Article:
Non-vintage Champagne: comparing five top examples
Last week I watched an Instagram live session organized by Champagne retailer The Finest Bubble.
Champagne expert Essi Avellan led viewers through a tasting of five top non-vintage wines. I the same five wines blind in advance of the session, and then retasted them listening to the discussion. My notes and scores below are the ones I made blind, though.
Essi discussed house style, and its origin. She says that a lot has to do with the grape sourcing. Roederer is the outlier here in that they own 70% of the vineyards they source for the NV, which is much higher than the other houses. The older houses will tend to have Pinot Noir-dominant blends – Moët, Bollinger and Veuve Clicquot NVs are all Pinot Noir dominant.
The NV wines will have all the three main Champagne varieties in the blend. Chardonnay delivers lightness, elegance and vivacity, with floral, white fruit. Pinot Noir is more sturdy, muscular and structured, with some red fruit flavours. Pinot Meunier delivers early drinkability, which is really helpful in the NV blends.
Moët are the biggest Champagne house by far. They own 1200 ha of vineyard and source from 2000 ha more, spread across 230 villages including all the Grand Crus.
Essi talked a lot about reserve wines, which are used for several reasons. One is balancing out the vintage differences, which can be extreme. For the NV wines we were tasting, the reserve wines make up 20-60% of the blend. Bollinger is unusual in that it uses more reserve wine than the current wine (60%). The reserve wines help to build the house character.
The age of the reserve wines? Moet is the outlier, just using reserve wines that are one and two years old only. Roederer tends to use younger reserve wines, but there’s more of a spread here. Bollinger has a nice age span for its reserves, and Charles Heidsieck has an even bigger spread. Veuve Clicquot has the biggest spread of them all at 1-30 years.
Another house style choice is whether to be more oxidative or reductive in terms of handling the base wines. Moët is reductive in style, as all the LVMH-owned houses tend to be. After juice stage the base wines are guarded from oxidation.
Oxidative styles might be from ageing in barrels or casks. Heidsieck and Roderer are in the middle. Chardonnay is naturally more reductive. Bollinger has a reputation for being more oxidative.
The choice of whether or not to do malolactic fermentation is a big factor in house style. Essi reckons 95% of Champagnes go through malolactic. Many of the high-quality houses dislike the malolactic buttery diacetyl character, though, which can be contributed by some strains of malolactic bacteria.
Dosage is another factor, and over recent years it has come down. The extra sweetness is part of the Charles Heidsieck style. Dosage isn’t just about the sugar, but the other components of the liqueur can have an effect. Each of the houses have their own recipes.
Champagne Charles Heidsieck Brut Reserve NV France
40% reserve wines, 60 different crus, this was bottled in 2016 and disgorged in 2019. This is dense and rich, with some toastiness. Ripe pear and apple fruit with some citrus brightness. There’s a bit of apricot richness here, and some sweetness too, with a nice cherry fruit edge and a reasonable dosage. Rich, sweet and appealing with nice density and balance. This is really good in quite a rich style. Layers of flavour with nice depth. 92/100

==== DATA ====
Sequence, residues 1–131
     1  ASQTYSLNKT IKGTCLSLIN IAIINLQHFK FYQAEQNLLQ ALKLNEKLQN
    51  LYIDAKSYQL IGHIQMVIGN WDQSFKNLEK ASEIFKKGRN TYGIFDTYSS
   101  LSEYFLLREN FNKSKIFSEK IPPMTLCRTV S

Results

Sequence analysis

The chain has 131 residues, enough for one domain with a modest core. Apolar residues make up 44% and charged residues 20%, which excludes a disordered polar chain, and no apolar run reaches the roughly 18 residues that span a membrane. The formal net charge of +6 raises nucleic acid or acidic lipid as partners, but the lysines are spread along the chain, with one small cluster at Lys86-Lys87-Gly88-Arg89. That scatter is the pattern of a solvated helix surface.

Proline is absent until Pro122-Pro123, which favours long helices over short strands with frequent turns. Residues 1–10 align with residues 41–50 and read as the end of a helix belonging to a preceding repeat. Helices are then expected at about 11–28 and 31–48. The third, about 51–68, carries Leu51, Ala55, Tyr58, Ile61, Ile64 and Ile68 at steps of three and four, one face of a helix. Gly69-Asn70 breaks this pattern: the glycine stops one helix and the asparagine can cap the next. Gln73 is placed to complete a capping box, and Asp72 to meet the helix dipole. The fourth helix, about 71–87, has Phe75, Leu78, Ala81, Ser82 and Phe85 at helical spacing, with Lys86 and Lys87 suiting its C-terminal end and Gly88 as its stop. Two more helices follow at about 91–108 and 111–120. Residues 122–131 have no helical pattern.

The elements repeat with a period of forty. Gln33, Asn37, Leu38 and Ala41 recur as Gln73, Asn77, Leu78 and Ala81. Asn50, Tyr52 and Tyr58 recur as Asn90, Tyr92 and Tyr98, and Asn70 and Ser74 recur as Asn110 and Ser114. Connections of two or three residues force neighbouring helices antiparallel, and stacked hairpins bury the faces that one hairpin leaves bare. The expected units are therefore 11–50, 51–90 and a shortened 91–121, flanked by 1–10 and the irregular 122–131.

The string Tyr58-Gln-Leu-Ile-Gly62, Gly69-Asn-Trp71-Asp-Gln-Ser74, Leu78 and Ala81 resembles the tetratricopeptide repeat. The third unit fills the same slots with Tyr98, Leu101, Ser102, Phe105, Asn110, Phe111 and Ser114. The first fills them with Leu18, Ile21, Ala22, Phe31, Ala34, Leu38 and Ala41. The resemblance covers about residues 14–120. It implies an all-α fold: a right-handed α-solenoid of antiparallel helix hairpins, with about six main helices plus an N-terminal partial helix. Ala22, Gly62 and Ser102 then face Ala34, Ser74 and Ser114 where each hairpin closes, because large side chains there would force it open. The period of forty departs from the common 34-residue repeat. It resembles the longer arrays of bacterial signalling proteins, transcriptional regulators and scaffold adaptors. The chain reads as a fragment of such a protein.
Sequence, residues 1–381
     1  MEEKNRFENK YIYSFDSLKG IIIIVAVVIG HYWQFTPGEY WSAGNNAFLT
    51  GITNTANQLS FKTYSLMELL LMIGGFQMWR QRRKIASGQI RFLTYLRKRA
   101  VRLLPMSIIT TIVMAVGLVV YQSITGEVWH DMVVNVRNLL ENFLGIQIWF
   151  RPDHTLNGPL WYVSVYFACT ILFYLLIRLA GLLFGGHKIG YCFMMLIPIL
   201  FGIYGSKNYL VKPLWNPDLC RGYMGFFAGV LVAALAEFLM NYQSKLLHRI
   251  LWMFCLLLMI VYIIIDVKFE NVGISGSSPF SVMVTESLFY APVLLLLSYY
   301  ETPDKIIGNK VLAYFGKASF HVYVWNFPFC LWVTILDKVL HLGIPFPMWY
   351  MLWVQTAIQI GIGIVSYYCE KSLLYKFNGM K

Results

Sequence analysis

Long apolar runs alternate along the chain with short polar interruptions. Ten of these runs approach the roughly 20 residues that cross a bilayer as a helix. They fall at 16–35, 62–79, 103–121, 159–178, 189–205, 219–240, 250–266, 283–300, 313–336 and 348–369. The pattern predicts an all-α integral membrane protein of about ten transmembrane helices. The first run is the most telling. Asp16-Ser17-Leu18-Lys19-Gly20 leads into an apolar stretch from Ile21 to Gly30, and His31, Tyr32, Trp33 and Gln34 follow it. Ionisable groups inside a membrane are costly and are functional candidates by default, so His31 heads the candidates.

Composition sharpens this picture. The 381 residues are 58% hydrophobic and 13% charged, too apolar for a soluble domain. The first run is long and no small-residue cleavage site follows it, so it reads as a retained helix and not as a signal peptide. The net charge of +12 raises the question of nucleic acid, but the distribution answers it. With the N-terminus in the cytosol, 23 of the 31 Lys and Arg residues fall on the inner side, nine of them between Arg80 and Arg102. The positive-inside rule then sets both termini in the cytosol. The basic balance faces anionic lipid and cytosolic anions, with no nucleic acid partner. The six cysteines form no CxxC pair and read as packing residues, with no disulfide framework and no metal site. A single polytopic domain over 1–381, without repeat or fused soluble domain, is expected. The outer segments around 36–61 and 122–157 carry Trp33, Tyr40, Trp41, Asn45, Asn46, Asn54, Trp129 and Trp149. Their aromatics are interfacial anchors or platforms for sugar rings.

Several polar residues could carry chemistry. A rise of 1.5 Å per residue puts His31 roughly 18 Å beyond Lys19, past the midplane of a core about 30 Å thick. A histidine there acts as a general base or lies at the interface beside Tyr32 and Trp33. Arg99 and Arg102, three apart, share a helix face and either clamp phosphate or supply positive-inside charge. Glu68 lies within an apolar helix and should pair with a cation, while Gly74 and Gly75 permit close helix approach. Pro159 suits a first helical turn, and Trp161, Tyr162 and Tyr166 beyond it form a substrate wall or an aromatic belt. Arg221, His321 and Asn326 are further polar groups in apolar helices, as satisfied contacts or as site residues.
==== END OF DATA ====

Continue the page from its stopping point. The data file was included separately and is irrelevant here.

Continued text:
Champagne Louis Roederer Brut Premier NV France
This is bright and very fruity with a lemony precision and some nice bright pear fruit with a touch of apple. Not too toasty: this is more about fruit with a touch of pithiness and nice focus. There’s a brightness to this wine that’s really impressive. Juicy and expressive with a lovely elegance to the fruit. Lovely delicacy to this. 91/100
Champagne Moet et Chandon Impérial NV France
Rounded and fruity with some mandarin notes and a touch of cherry, as well as nice lemony notes. This is very rounded with a bit of sweetness as well as good acidity. There’s a sweet and sour character here too – juicy but also with some bass notes. Fruity and very drinkable. 90/100
Champagne Bollinger Special Cuvée NV France
7 g/l dosage. 60% reserve wines. 5-10% of the final wine is made of reserve wines (10-15 years old) kept in magnum with a small secondary fermentation. Very fine and expressive: this has a lovely citrus core to it – there’s an elegance with lemon and pear, as well as some orange peel, and subtle toastiness. Lovely mouthfeel here: it’s a bit chalky, with good acidity and lovely finesse. Linear and focused with nice weight in the mouth. This has great purity and is quite dry, and it’s really gastronomic. 93/100
Champagne Veuve Clicquot NV France
Bright, zesty, fruity and direct. This is sweetly fruited with nice bright, simple fruit. Crisp, bright and fruity, but also quite generous with some cherry and citrus notes. There’s some toastiness here, with some bass notes, too. A very attractive fruity wine with nice purity. Not very complex, but well made and very drinkable. Has some creaminess and a bit of richness. 89/100
These wines were from The Finest Bubble https://thefinestbubble.com/
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